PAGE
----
First of its kind milk share program launches in Lincoln
LINCOLN, Neb. (KOLN) -It’s no secret that life changes a lot when you have a newborn baby and feeding that baby can be stressful in more ways than one. There is a new option for feeding newborns in Lincoln for individuals unable to provide human milk for their baby, they can get it for free through the Malone Maternal Wellness Milk Share Program.
The program launched a few weeks ago, and they’re still looking for more human milk donors. They said the informed-consent milk share program is the first of its kind in Lincoln, and in the country and it’s going to remove barriers for families in feeding their children breast milk.
The donation process starts with screening the donor for HIV, Hepatitis A, B, C, HTLV, and Syphilis.
“The blood screening and the health history that we are following really follows the international guidelines for safe donor milk sharing,” said Cydney Gaines, community member.
The milk is pumped by the pre-screened donor, picked up by a milk-share employee, and can be delivered within a two-hour radius.
“There might be a number of people who maybe can’t lactate or chest or breastfeed. So we’re thinking of adoptive parents, foster care, parents, people who are providing respite care, you know, people who might have, you know, an interaction with a medication that might deplete their breast milk,” Gaines said. “And so we want to make sure that we’re providing that milk for a number of people who choose to provide human milk for their babies.”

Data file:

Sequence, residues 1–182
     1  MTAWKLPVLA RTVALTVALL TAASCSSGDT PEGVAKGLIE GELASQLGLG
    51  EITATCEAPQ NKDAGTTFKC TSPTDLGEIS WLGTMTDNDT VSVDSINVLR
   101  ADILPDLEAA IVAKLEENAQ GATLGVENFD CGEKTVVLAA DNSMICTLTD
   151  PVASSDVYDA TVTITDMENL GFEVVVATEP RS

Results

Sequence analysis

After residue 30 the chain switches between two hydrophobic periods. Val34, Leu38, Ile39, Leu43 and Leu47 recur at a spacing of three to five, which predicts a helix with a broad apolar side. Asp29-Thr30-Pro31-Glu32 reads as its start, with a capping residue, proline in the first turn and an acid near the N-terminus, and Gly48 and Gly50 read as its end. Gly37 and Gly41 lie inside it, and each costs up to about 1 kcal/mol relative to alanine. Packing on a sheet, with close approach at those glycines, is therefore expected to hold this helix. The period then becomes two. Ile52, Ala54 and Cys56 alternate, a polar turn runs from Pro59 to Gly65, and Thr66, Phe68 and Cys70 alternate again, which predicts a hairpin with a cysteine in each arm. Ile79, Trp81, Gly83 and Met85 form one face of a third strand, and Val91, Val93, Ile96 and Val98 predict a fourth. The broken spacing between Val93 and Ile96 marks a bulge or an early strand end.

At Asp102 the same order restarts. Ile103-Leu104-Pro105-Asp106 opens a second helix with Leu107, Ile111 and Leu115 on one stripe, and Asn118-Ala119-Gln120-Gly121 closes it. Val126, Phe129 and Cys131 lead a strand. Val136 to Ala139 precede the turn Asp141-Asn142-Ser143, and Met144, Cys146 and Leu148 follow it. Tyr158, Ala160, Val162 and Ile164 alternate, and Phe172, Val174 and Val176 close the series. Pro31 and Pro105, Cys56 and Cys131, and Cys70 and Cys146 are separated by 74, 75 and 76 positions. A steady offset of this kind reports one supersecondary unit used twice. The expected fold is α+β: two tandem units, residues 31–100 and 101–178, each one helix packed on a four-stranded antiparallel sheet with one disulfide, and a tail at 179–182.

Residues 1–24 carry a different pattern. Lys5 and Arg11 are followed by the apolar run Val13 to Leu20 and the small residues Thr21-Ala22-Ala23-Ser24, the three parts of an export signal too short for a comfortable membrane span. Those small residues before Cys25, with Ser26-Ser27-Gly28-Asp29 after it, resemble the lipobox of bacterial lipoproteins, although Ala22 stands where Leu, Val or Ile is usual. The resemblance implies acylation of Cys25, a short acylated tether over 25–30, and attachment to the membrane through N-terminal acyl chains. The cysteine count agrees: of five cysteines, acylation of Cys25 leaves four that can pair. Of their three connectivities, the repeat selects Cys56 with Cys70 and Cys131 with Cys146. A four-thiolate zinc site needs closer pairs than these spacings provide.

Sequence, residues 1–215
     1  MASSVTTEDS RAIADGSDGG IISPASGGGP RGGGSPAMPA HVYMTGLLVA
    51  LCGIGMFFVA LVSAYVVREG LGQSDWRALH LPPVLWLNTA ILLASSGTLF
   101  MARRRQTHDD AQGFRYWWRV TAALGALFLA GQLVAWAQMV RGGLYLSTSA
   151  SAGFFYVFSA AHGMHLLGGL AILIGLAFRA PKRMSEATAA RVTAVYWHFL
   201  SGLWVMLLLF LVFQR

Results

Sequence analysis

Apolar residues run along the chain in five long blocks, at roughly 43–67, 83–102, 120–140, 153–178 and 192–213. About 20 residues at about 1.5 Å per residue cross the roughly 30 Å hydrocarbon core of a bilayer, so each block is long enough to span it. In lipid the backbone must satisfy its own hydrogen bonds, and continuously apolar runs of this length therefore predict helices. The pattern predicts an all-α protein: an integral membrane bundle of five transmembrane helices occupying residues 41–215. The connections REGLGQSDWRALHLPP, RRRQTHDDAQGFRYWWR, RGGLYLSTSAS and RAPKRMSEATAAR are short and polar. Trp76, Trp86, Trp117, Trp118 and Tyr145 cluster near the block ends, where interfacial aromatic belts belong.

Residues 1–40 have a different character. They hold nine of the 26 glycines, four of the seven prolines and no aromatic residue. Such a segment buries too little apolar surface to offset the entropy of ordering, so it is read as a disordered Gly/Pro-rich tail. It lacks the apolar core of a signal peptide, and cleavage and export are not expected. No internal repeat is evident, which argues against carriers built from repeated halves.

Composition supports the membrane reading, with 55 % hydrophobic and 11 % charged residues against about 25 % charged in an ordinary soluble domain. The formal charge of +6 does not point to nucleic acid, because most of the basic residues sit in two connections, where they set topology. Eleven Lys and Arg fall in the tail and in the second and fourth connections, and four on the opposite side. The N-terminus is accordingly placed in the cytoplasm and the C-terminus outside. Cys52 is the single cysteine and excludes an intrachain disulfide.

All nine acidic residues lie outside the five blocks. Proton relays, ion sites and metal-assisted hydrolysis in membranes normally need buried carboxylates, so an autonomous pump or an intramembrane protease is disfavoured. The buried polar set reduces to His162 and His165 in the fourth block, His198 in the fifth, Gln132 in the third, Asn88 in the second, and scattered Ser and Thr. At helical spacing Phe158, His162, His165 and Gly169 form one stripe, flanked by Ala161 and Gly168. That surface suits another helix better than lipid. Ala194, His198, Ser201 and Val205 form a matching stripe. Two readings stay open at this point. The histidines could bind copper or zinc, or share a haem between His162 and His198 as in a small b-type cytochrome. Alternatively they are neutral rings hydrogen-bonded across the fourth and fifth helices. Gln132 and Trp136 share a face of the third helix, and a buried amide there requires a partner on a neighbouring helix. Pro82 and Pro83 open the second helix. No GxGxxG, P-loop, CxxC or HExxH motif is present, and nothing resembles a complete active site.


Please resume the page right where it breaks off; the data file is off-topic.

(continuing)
The bags the donors put the milk in, the freezer storage, the delivery, it’s all free.
“Providing breast milk is hard. It’s hard work, it takes a lot of time and energy,” Gaines said. “And for families that maybe aren’t able to breastfeed, they need to be able to access human milk. When it costs money, it creates a barrier for low-income folks or folks of various economic statuses. And so we wanted to make sure that our community had equitable access to milk. Formula isn’t always accessible, there is a formula shortage. It also is not very affordable, it can be very expensive. And so when we provide free resources to the community, it creates equitable access for everyone to receive benefits that way.”
For mother and breastfeeding educator, Annabelle Elya, finding safe and affordable breast milk is a problem she’s faced before.
“There is a way to make sure that it’s safe, and that the parents are safe when they pick it up,” Elya said. “And the milk is safe when we’re giving it to the babies. And we can do this without charging people.”
The program is made possible by key partnerships in the community, it’s sponsored by Healthy Blue and all donor screenings are done by Frontier Pediatrics.
Elya said that this program will change lives.
“It really normalizes the whole process,” Elya said. “This is what community is meant to be. It’s meant to be a sharing of our resources. It’s meant to be leaning on one another. And when somebody has access, we give it to someone that doesn’t. That’s the community mindset. And so it’s a really beautiful thing we’re doing here.”
To learn more about how you can help check out the program’s website.
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